Other objects will be apparent from the description to follow and from the appended claims.
The preceding objects are achieved according to a preferred embodiment of the invention by the provision of a clip body on which are mounted a plurality of sections. Adjacent sections define an elongated opening therebetween, said opening being generally wider at the end of the sections furthest from the clip body and narrowing towards the end of the opening adjacent the clip body. The confronting sides of the opening form a plurality of spaced regions of varying sizes so that capillary tubes of varying diameters may be secured in the spaced regions of the openings. Attached to clip body is the clip base, said base having screw slots therein to enable the retaining clip to be mounted within a refrigeration machine.
FIG. 1 is a pictorial diagramatic view of a refrigeration machine with the present invention.
FIG. 2 is a front view of the capillary retaining clip.
FIG. 3 is a top view of the clip as shown in FIG. 2.
FIG. 4 is an end view of the clip as shown in FIG. 2.
The embodiment of the invention described below is adapted for use in varying sizes of refrigeration machines. It is to be understood that this capillary retaining clip is specifically designed to be interchangeable in numerous machines and consequently it is provided with capillary retaining regions of varying sizes. Depending upon the number of different size capillary tubes being utilized it is expected that one or two capillary retainer clips with varying sized regions may be sufficient to secure capillary tubes throughout the range of refrigeration machines from the smallest room air conditioner to the largest commercial installations.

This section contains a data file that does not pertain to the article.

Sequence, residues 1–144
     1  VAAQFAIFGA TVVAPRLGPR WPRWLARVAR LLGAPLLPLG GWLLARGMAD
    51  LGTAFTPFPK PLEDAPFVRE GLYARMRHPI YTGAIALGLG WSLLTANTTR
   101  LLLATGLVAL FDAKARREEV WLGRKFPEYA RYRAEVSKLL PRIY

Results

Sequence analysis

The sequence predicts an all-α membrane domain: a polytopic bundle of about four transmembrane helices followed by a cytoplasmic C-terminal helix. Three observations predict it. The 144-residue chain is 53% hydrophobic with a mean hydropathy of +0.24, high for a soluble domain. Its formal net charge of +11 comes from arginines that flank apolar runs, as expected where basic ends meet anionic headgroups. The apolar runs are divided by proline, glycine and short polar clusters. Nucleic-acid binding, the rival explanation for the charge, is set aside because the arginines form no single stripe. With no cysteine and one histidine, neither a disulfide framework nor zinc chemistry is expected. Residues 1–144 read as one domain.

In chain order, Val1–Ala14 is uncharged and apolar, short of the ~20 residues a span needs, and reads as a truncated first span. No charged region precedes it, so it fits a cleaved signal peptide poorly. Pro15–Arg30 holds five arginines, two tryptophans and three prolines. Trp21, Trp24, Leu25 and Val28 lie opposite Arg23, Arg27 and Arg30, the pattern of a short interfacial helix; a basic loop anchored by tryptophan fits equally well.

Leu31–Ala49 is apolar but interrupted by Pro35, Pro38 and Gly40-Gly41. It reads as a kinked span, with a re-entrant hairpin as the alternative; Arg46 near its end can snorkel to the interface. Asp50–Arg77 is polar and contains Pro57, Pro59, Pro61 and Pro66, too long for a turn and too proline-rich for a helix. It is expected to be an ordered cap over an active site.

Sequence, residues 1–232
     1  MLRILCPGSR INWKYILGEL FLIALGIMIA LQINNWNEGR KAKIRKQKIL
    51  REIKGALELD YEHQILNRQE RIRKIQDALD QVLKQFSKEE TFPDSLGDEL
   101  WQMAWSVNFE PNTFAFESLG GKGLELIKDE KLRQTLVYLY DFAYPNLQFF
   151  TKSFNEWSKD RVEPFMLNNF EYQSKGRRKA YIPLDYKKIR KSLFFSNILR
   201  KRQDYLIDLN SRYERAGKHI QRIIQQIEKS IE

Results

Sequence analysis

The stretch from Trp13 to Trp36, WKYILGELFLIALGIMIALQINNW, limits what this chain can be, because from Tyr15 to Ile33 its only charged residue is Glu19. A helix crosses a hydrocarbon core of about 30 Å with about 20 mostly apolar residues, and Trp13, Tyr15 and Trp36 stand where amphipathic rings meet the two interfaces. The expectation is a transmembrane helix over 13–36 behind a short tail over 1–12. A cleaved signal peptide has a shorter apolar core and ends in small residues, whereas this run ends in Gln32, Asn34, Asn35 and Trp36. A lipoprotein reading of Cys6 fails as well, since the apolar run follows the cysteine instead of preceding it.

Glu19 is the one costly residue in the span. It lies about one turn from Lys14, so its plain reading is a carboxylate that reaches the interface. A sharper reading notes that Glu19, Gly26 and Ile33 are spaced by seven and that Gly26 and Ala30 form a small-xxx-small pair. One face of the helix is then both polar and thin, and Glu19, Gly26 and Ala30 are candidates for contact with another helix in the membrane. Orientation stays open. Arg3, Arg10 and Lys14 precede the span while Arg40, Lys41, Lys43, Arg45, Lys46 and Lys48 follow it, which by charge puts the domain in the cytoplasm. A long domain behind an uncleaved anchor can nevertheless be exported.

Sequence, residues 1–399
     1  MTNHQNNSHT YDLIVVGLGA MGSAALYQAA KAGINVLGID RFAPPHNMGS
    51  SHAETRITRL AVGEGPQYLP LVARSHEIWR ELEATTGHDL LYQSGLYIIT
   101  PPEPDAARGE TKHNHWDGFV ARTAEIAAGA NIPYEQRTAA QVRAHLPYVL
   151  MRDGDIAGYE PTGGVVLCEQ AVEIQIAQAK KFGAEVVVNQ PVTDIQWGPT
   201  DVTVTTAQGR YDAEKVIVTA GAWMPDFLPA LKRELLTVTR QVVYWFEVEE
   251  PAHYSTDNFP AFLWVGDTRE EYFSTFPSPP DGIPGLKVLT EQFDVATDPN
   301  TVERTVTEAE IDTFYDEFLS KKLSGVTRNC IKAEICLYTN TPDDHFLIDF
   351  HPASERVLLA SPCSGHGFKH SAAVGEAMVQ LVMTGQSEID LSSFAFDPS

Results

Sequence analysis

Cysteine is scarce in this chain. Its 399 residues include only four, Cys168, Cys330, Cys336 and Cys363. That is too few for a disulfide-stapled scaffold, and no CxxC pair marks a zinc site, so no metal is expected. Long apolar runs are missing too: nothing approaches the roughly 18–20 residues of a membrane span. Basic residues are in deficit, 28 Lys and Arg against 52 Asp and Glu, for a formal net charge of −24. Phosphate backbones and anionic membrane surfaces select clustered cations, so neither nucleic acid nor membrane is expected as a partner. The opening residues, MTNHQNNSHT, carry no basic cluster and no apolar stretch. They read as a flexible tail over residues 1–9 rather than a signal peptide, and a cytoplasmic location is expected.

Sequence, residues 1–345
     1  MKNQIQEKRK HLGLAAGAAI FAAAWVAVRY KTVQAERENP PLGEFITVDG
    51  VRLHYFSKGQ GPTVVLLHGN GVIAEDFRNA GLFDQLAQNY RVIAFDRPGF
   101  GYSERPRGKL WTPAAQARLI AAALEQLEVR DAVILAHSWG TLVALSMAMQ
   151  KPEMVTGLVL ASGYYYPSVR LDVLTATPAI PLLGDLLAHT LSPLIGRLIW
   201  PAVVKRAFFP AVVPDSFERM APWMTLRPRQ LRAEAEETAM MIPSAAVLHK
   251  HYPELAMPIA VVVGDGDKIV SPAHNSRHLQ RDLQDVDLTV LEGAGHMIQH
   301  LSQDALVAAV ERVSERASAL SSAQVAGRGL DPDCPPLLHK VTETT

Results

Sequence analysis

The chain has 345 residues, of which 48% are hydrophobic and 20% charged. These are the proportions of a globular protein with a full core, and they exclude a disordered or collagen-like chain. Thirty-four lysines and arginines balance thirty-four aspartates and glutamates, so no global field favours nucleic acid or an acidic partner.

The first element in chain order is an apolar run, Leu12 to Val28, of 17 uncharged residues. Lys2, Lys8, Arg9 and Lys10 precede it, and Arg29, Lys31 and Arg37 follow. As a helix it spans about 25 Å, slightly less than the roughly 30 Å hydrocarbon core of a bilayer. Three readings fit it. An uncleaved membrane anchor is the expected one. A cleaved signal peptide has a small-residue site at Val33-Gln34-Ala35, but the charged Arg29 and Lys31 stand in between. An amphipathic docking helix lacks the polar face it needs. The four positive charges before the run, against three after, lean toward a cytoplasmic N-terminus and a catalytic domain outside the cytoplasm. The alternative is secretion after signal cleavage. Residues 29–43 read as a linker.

In a typical vapor compression refrigeration cycle a compressor is used to increase the pressure and temperature of a gaseous refrigerant. The now hot gaseous refrigerant is cooled in a condenser and changes state to a liquid. The liquid refrigerant is then passed through an expansion control device which decreases the pressure of the refrigerant. The then decreased pressure refrigerant is converted from a liquid to a gas in an evaporator absorbing heat from the fluid to be cooled in the process, said gaseous refrigerant then returning to the compressor to commence the same cycle again. The expansion control device may take several forms, the most economical expansion control device being a small diameter tube known as a capillary tube. The capillary tube has such a small inside diameter and consequent high pressure drop over its length, that the high pressure refrigerant received from the condenser is discharged as low pressure refrigerant into the evaporator.
Other small diameter or capillary tubes are found in the refrigeration machine for monitoring the refrigeration cycle. A typical example would be either a high pressure or low pressure limit switch or gauge, said switch being connected to the portion of the refrigeration machine to be monitored by a capillary tube which would then contain refrigerant at the pressure of the area being monitored to indicate said pressure to the switch.
Referring to the drawings, FIG. 1 shows in a schematic plan view a condenser 46 connected to header 48 which is connected by conduit 50 to boot 44. Boot 44 divides the refrigerant flow from condenser 46 into capillary tubes 52. Capillary tubes 52 are connected to evaporator inlets 42 of evaporator 40. Evaporator 40 is connected by line 68 to compressor 66 which is connected to condenser 46 by pipe 70 to complete the refrigeration circuit.